Decipher evidence with a forensic science degree
The tool markings left at the scene of an intrusion; the hair found at the scene of a kidnapping; the bullet casing left at a homicide — all of this evidence can be used to solve a crime. With technology unknown just a few years ago, forensic science has extraordinary powers to produce evidence that wins court cases. With trace evidence, police and forensic scientists can reopen and prove who committed decades-old crimes.
The Bachelor of Science with a major in forensic science program at Trine University prepares you for a career in this exciting field.
The degree: The science of evidence
The Bachelor of Science with a major in forensic science curriculum is grounded in the sciences and prepares you for careers directly related to the analysis of trace evidence left at crime scenes. Coursework includes elements of chemistry and biology, and covers topics such as crime scenes, evidence expert testimony and criminal procedures.
The experience: State-of-the-art laboratory equipment
Faculty provide excellent classroom and laboratory training, which includes use of equipment such as an atomic absorption spectrophotometer, high-pressure liquid chromatography equipment, a gas chromatography-mass spectrophotometer and two comparison microscopes — a ballistics microscope and a fiber/hair microscope.
The result: Specialty careers or graduate school
The Bachelor of Science with a major in forensic science prepares you for multiple careers as well as graduate school. Graduates of the program have become latent print examiners, arson investigators, DNA specialists and drug chemists. One graduate even studied nuclear forensics.
Members of the Class of 2020 were able to complete undergraduate research projects through the Rinker-Ross School of Health Sciences. See projects by Biochemistry, Biology and Chemistry students.
Internships are an integral part of the forensic science curriculum. Internships in the many different areas of forensic science give students the real-life experiences and practical laboratory skills needed for careers in this field.
Emily White, a senior forensic science and chemistry major at Trine University, will be an intern at the Drug Lab for the Indiana State Crime Lab in Indianapolis this summer, the first intern the lab has had in six years. Read the news article.
James Evans (class of 2013) completed an internship sponsored by the Department of Energy at the Ames Laboratory in Ames, Iowa. He participated in research on strengthening forensic fracture matching by use of instrumentation and the effects of corrosive environments on fractured surfaces.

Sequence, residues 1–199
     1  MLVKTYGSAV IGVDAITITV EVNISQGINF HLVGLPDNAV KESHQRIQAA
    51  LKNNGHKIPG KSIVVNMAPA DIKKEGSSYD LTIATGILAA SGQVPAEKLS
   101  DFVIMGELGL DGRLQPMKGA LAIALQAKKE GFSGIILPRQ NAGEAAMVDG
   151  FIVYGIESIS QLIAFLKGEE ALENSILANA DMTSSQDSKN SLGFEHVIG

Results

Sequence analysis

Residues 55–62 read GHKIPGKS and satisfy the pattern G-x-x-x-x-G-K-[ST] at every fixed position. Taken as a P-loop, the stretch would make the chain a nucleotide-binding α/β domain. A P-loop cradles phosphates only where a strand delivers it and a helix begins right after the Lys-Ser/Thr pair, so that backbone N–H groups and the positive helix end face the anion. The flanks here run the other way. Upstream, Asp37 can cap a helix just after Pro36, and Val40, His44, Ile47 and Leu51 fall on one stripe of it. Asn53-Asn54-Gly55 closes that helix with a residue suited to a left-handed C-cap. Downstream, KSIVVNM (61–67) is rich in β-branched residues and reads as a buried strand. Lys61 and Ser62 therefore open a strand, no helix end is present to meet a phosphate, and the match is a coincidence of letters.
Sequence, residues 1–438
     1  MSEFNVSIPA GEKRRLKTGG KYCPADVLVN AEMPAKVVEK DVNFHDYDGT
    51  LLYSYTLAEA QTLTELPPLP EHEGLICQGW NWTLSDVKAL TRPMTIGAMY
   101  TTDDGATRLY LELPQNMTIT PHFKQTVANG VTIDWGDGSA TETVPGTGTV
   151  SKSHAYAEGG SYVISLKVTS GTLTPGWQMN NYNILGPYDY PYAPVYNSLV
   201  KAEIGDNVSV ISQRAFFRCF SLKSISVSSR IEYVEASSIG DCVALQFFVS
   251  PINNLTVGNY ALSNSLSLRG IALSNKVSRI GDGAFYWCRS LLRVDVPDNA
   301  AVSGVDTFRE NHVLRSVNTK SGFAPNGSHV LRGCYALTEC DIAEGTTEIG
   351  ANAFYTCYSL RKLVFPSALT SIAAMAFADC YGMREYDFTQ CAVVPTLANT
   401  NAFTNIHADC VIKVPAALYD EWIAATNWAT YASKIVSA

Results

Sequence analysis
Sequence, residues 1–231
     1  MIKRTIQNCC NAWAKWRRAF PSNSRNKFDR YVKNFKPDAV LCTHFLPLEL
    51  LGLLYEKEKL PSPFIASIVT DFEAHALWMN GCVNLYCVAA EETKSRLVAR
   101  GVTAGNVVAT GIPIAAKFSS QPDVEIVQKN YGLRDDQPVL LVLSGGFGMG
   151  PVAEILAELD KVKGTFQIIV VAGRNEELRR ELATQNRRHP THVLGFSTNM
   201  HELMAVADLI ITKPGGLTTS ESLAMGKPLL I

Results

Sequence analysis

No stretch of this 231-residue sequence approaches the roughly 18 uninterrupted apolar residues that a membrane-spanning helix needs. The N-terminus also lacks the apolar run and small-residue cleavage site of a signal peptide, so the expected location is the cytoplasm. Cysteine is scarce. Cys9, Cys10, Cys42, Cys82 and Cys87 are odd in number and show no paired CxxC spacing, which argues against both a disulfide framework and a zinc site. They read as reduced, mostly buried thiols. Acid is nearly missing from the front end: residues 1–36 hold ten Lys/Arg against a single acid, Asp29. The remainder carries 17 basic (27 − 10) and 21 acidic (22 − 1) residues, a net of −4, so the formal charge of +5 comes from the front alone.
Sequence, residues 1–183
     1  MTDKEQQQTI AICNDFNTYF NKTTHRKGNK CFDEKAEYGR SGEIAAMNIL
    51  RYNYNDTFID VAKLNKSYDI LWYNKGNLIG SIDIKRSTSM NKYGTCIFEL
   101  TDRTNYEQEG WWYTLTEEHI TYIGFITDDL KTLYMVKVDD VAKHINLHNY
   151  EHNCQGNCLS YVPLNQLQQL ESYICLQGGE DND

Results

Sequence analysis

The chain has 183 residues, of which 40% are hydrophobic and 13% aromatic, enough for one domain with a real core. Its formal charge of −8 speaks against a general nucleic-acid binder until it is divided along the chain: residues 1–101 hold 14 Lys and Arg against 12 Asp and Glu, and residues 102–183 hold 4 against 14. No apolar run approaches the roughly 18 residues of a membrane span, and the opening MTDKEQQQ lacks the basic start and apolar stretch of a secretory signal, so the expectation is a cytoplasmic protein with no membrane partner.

Shandra Clawson (class of 2013) completed an internship at Forensic Fluids Laboratory, an oral fluid testing lab. Their clients include both public and private agencies and they test from 500-700 samples daily. Shandra not only gained a better understanding of laboratory instrumentation, she also learned that teamwork is essential to a successful career.
Karina Stiop (class of 2013), a forensic major interested in pathology, interned at the morgue at Blodgett Hospital. She job shadowed the forensic pathologist at the hospital, Dr. Stephen Cohle. She immersed herself in the experience and completed many tasks assigned to morgue assistants. This experience has reinforced her desire to pursue a career in pathology.
Mona Atar (class of 2011) double majored in forensic science and criminal justice and completed an internship with the Allen County Coroner's Office. While interning, Mona overshadowed death investigators in several homicide cases and an infant death case. She put to use not only her knowledge of forensic biology but her education in crime scene investigation, as well.
In addition, other students have had opportunities to work with LaGrange County Sheriff's Department on studying the differences between the gunshot patterns of a sawed-off shotgun and regular firearms, with the Allen County Coroner's Office assisting the crime scene unit investigate suspicious deaths, and with Kodiak Enterprises performing arson investigations.
Another student developed a cheiloscopy study to define the uniqueness of lip patterns in all humans. This project was done with the assistance of an expert from the Indiana State Police Crime Lab.
Bachelor of Science with a major in Forensic Science Career Possibilities:
- Crime/arson scene investigator
- Lab technician
- Law enforcement official
- Law School
Find out more about forensic science training and careers from the Midwest Forensics Association.
BS in Forensic Science